Newspaper article Pittsburgh Post-Gazette (Pittsburgh, PA)

New Battle Brewing on Realty Tax

Newspaper article Pittsburgh Post-Gazette (Pittsburgh, PA)

New Battle Brewing on Realty Tax

Article excerpt

HARRISBURG -- With a state proposal that would allow counties to halt their court-ordered property reassessments halfway to the governor's desk, there's now a pack of bills following in its wake aiming to reduce or eliminate the property tax entirely.

Those varying approaches all would look to other options -- such as boosting the sales tax or income tax -- to make up for lost property tax revenues.

"I believe that property taxes on our homes is immoral," said state Rep. Rick Saccone, a Republican from Elizabeth Township, at a recent news conference to unveil one proposal for axing that levy. "It hurts seniors in their most vulnerable moment, when they're on a fixed income."

Mr. Saccone, whose reassessment moratorium bill unanimously passed the House earlier this month, said eliminating the property tax is necessary to protect homeowners.

"The cavalry is on the way," he said. "We're coming."

That message isn't a new one in the state Capitol. There have been similar efforts put forward for decades -- perhaps most prominently from former GOP state representative Sam Rohrer of Berks County, who pointed to the sales tax and later to gas drilling royalties as replacement funds for school districts.

Despite their prevalence, previous efforts targeting the tax failed to garner broad-based support. But some lawmakers say they believe the Allegheny County reassessment saga, as well as property value increases in other regions of the state that have grown dramatically, has created more urgency for tax reform.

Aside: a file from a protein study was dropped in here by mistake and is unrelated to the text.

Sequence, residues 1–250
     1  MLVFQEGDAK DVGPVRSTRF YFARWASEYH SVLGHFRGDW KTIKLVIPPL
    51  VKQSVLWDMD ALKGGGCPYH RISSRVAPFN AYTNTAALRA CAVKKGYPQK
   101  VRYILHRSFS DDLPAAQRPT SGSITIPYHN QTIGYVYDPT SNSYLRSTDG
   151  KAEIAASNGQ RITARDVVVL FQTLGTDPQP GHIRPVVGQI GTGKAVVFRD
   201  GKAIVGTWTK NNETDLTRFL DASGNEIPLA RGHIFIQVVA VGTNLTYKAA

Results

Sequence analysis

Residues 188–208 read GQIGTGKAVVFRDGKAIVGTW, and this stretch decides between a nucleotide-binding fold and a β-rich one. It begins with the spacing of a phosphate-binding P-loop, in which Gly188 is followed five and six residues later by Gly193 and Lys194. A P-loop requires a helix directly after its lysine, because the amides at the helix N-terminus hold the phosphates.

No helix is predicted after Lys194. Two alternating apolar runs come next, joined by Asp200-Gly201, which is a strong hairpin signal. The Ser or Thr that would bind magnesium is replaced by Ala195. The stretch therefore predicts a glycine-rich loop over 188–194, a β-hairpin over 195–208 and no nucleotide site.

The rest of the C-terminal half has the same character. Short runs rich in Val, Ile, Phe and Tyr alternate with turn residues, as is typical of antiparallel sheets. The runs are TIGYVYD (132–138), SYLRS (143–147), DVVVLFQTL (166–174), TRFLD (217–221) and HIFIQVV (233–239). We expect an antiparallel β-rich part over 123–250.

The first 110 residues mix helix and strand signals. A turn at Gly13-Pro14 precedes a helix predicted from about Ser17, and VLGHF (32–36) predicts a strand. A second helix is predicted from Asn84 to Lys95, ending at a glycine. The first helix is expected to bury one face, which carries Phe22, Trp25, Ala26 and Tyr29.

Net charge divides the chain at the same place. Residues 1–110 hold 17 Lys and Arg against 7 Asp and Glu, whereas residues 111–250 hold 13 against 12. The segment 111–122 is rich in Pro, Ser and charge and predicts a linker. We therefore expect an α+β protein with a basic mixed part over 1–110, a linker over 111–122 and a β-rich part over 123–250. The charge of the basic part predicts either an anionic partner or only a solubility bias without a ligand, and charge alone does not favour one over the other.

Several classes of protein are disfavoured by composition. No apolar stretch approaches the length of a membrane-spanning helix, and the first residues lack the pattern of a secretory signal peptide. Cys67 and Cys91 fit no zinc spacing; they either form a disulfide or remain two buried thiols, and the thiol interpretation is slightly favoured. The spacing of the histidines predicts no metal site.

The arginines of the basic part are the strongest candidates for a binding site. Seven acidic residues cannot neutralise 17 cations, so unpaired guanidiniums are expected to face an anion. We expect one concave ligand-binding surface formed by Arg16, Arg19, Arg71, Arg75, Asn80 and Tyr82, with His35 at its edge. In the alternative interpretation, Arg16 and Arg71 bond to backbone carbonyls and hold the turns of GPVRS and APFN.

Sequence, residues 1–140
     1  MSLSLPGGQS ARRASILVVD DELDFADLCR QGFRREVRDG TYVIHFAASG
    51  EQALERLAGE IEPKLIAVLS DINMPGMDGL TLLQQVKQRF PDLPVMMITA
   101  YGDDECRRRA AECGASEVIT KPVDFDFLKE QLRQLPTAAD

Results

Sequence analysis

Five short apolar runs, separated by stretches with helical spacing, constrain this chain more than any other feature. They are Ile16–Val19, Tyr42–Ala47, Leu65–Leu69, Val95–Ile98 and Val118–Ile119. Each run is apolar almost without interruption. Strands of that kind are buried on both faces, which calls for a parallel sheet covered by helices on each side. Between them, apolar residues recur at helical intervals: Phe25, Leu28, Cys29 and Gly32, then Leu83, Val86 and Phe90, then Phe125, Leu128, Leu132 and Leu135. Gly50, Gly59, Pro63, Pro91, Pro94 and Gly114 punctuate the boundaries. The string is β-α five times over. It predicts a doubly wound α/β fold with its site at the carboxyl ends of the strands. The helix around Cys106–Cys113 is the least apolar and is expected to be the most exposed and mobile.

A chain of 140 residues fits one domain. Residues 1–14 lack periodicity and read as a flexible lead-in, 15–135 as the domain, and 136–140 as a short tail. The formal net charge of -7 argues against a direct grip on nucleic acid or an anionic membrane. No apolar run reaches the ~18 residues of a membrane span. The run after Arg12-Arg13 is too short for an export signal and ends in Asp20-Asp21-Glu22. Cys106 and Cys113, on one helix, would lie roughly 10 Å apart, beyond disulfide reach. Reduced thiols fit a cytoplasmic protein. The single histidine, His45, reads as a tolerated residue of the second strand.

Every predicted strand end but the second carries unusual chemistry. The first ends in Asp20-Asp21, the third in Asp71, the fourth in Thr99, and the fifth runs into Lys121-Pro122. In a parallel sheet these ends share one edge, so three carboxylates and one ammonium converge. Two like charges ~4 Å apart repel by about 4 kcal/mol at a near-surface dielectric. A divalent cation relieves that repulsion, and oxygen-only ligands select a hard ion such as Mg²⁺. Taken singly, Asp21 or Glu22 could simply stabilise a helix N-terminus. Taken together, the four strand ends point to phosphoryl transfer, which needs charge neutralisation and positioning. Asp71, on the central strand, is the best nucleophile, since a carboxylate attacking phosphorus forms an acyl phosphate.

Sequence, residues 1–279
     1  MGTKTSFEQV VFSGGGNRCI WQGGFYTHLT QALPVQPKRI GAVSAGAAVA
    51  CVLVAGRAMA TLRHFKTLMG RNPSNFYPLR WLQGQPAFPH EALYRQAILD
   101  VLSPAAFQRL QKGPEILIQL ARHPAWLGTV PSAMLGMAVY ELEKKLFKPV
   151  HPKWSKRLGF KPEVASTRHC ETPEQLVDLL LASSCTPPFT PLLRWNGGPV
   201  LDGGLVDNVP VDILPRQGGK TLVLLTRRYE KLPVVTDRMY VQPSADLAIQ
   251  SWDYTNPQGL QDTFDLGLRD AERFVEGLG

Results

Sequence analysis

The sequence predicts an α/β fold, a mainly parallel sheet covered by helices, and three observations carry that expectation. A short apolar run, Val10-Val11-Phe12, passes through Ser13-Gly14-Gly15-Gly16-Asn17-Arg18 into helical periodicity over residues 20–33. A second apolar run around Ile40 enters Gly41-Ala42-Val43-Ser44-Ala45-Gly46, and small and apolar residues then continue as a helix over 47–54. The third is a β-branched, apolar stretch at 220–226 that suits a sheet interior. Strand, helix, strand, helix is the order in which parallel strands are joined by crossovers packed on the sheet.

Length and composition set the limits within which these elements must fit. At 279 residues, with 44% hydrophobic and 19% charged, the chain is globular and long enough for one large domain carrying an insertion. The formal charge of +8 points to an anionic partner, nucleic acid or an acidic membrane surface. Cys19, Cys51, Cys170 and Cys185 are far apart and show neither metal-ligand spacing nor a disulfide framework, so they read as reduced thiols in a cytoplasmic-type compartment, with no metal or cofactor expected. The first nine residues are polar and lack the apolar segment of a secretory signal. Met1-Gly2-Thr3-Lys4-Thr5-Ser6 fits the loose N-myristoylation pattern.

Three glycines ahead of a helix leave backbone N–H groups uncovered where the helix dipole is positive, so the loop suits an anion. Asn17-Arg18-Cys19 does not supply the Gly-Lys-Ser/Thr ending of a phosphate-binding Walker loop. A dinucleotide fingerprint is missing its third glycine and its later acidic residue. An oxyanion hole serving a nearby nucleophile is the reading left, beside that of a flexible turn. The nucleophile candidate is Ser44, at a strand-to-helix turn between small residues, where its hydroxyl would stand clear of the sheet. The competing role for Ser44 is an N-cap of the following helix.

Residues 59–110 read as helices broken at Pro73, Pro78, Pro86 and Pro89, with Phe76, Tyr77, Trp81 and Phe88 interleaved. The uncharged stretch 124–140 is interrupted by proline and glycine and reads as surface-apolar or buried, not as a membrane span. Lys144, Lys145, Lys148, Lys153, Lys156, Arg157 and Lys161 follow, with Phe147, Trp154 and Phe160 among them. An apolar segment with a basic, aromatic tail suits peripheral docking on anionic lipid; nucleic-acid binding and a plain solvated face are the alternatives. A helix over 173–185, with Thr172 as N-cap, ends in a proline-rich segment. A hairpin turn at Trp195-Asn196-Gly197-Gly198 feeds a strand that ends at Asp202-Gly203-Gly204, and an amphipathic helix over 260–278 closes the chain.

"The constituents are starting to see the real impact on their property tax bills," said state Sen. John Pippy, R-Moon.

The reassessment process here has prompted Sen. Wayne Fontana, D- Brookline, to introduce a plan that would allow only Allegheny County to replace the property tax by either a vote of county council or by residents.

"My plan is about asking the citizens, 'Do we want to have property taxes to fund schools and county services or don't you?' " Mr. Fontana said. "If they say no, then we go back to, 'How do we make it as fair as possible?' "

In addition to Mr. Fontana's plan, another proposal from Sen. …

Search by... Author
Show... All Results Primary Sources Peer-reviewed

Oops!

An unknown error has occurred. Please click the button below to reload the page. If the problem persists, please try again in a little while.